On the eighth of March 1941, Virginia Woolf wrote in her journal “I think it is true that one gains a certain hold on sausage and haddock by writing them down.”
The neurasthenic novelist’s choice of words suggests that she was not quite sure about this: “I think it is true” rather than “It is true” or, more assuredly, “Now listen here, lumpenproles, because I won’t say it again – one gains a certain hold on sausage and haddock by writing them down.” Is it pertinent that before the month of March was out, Woolf did away with herself by plunging into the river Ouse, her pockets crammed with stones? Was she led to her watery end, at least partly, because she was not entirely sure in her mind that writing down “sausage” and “haddock” genuinely helped her to grasp a sausage and a haddock?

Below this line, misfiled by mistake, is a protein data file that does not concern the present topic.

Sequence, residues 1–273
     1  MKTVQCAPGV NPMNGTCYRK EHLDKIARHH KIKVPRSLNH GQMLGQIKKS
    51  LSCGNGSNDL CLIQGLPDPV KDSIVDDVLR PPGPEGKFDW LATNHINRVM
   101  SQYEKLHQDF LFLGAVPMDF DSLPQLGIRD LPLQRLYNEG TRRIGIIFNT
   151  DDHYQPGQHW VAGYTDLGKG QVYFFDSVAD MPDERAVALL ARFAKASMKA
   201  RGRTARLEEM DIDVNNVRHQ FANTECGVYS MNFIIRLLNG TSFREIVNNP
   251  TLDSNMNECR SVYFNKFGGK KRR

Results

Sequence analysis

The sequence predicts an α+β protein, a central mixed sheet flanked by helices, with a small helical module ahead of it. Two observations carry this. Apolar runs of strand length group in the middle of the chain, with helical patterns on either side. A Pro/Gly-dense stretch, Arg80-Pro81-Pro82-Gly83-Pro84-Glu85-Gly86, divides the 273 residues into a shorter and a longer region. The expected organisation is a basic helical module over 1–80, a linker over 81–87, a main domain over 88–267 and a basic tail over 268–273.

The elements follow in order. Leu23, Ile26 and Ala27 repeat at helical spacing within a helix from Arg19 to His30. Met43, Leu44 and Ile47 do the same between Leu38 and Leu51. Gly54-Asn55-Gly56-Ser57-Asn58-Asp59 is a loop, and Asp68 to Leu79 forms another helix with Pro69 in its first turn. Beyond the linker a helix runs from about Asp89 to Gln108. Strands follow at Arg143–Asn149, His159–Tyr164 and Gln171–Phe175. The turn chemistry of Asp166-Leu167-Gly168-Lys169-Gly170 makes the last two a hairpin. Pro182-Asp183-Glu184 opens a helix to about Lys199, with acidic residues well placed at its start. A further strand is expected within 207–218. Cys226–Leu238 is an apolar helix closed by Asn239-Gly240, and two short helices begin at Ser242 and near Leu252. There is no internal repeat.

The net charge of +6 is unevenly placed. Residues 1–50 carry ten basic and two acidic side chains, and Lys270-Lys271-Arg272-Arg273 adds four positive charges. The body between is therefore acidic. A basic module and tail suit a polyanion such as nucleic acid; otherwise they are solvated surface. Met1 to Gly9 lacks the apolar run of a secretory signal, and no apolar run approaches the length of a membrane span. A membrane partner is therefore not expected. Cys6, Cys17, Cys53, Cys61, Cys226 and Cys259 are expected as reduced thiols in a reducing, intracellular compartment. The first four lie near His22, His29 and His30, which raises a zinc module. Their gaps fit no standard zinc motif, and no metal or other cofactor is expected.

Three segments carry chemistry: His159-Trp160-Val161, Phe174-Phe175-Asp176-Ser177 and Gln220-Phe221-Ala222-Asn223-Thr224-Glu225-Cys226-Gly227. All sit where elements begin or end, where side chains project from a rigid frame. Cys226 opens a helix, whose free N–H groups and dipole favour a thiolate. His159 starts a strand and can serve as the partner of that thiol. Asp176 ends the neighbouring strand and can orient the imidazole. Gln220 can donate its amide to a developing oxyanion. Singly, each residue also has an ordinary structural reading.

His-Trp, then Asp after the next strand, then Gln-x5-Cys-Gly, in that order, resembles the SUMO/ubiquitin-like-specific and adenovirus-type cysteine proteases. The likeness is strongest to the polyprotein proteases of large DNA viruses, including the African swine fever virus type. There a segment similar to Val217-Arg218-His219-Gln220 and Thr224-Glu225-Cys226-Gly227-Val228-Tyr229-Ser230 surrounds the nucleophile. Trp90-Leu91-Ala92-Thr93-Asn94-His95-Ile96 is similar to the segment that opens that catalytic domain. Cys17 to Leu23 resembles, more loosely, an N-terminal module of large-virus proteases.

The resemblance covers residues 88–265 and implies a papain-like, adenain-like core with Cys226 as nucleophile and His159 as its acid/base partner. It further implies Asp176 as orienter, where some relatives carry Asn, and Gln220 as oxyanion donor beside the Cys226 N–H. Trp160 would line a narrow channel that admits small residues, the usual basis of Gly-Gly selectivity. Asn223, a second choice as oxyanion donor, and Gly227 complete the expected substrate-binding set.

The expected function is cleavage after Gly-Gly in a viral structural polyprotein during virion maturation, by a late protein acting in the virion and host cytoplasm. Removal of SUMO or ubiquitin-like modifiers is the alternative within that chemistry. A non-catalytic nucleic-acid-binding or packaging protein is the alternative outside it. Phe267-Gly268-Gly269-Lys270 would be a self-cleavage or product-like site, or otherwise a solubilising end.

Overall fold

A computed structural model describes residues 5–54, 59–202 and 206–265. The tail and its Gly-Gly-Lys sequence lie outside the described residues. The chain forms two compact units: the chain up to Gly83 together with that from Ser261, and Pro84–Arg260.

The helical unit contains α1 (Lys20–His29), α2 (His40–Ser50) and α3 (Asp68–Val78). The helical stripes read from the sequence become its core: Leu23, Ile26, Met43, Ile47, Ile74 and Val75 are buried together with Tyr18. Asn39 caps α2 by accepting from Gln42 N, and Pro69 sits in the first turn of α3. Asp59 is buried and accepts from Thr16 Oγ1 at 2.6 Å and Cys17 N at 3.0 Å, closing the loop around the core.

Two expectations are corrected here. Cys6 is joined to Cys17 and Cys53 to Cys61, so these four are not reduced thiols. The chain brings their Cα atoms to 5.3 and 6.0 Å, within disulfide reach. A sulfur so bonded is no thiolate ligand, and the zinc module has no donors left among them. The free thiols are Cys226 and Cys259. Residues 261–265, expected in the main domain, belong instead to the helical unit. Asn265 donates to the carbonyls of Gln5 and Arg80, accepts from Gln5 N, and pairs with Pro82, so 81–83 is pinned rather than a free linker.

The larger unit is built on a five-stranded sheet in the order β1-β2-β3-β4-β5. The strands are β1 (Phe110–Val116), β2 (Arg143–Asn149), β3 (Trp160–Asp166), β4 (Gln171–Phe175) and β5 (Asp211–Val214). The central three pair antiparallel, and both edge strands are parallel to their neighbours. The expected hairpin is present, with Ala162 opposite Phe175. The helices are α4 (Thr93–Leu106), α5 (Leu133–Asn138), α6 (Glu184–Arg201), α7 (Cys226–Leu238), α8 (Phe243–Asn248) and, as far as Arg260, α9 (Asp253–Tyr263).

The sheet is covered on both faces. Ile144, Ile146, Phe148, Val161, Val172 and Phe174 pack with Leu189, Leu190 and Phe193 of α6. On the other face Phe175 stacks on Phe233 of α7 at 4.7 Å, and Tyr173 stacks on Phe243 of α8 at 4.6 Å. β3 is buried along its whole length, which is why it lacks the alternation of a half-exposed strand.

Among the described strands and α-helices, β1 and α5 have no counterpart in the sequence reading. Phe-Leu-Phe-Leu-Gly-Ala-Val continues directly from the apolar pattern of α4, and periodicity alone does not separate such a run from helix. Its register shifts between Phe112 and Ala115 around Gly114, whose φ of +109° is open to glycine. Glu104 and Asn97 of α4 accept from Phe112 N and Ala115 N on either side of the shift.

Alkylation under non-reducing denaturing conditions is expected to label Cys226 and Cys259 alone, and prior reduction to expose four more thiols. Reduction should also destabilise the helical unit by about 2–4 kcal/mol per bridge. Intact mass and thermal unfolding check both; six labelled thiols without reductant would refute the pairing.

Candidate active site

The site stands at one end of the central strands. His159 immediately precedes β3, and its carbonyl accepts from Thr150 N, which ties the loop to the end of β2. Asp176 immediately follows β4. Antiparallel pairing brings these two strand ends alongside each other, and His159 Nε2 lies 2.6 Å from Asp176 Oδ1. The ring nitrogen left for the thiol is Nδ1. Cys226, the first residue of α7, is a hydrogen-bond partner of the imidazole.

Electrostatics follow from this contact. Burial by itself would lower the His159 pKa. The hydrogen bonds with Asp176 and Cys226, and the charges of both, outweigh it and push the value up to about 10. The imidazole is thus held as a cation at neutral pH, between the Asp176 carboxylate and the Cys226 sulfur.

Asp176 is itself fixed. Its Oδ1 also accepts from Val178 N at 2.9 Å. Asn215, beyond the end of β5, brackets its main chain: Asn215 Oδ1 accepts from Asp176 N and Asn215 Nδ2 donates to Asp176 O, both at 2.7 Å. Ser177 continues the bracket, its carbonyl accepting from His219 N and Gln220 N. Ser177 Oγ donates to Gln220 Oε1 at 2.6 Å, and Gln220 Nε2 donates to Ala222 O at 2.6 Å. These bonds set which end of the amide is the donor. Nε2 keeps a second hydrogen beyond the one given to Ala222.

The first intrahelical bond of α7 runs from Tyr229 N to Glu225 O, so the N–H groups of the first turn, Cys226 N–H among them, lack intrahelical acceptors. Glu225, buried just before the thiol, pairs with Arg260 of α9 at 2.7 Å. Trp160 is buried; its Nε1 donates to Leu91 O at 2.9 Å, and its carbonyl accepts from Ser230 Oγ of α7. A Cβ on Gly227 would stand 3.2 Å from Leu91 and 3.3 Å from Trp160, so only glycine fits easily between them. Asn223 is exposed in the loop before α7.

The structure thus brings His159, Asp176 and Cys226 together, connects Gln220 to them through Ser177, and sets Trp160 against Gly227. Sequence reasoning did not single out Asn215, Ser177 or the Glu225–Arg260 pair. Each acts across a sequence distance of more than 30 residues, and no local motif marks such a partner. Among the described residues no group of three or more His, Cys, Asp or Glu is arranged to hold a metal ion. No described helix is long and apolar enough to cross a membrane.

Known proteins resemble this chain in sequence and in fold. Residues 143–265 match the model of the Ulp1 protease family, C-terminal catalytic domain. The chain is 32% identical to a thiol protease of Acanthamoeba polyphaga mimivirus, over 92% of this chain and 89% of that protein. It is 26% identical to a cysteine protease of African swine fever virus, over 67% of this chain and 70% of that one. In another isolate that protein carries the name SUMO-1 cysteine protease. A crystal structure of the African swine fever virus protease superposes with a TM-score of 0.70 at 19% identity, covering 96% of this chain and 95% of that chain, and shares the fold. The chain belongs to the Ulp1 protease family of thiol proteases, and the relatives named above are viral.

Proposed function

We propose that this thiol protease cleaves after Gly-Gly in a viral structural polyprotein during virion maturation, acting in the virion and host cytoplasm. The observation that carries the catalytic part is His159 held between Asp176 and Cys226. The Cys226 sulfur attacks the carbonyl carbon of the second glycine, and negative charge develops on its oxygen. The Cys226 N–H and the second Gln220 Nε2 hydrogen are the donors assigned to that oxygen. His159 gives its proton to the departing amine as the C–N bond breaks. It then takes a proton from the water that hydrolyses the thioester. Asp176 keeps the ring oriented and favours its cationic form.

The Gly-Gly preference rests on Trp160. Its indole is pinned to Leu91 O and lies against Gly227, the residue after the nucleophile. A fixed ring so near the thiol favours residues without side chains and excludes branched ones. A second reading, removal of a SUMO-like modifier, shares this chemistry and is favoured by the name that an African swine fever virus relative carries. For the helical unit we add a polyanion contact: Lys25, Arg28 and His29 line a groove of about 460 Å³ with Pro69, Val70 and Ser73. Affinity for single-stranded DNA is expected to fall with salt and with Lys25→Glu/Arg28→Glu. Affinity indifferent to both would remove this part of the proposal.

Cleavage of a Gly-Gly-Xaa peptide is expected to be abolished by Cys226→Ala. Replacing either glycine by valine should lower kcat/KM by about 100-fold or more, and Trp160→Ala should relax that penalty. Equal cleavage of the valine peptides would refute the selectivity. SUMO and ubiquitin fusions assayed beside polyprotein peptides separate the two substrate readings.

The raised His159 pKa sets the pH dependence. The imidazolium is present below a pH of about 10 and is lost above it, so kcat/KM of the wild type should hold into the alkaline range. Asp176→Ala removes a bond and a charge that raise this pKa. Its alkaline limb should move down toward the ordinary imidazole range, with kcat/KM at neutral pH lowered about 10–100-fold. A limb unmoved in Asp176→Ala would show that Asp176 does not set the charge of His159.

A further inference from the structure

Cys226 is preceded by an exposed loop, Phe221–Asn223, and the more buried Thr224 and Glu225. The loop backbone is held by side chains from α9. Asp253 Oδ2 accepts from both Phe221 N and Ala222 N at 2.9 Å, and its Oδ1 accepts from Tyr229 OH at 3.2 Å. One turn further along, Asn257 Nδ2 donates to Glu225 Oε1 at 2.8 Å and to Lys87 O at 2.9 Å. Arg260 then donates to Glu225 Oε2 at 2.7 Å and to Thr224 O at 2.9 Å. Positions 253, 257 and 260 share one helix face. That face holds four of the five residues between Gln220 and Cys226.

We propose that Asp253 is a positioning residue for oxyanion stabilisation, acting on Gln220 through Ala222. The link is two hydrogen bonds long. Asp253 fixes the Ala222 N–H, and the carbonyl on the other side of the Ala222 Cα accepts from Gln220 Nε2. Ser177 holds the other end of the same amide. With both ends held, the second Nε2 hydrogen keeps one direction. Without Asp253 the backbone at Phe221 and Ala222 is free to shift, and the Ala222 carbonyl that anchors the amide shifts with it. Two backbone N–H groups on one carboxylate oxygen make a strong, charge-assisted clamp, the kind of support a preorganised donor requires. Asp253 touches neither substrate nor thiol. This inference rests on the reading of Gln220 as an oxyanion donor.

I decided to test the idea, a month shy of the seventieth anniversary, by setting up a camping-stool on the banks of the Ouse, armed with paper and pencil. As a precaution, I did not fill my pockets with stones. Indeed, I went further, donning a life-jacket and slipping a rubber ring, stolen from a lido, about my waist. In a pocket of the life-jacket I stowed a whistle, so that if need be I could parp it, loudly and repeatedly, to summon help.
Gritting my teeth and jutting my jaw, I took my pencil and wrote the possibly fateful words on a sheet of paper. Look –
And I waited. I rested my hands, palms uppermost, on my knees, hoping to grasp a sausage in one hand and a haddock in the other. If they did not appear, would I feel compelled to plunge into the Ouse?
Well, readers, I sat it out for upwards of three hours, before rain began to fall in England. There was sign neither of sausage nor of haddock, but nor, crucially, had I had any compulsion to fling myself into the Ouse. I therefore conclude that Virginia Woolf had other things on her poor battered mind on the day of her death. Not sausage. Not haddock.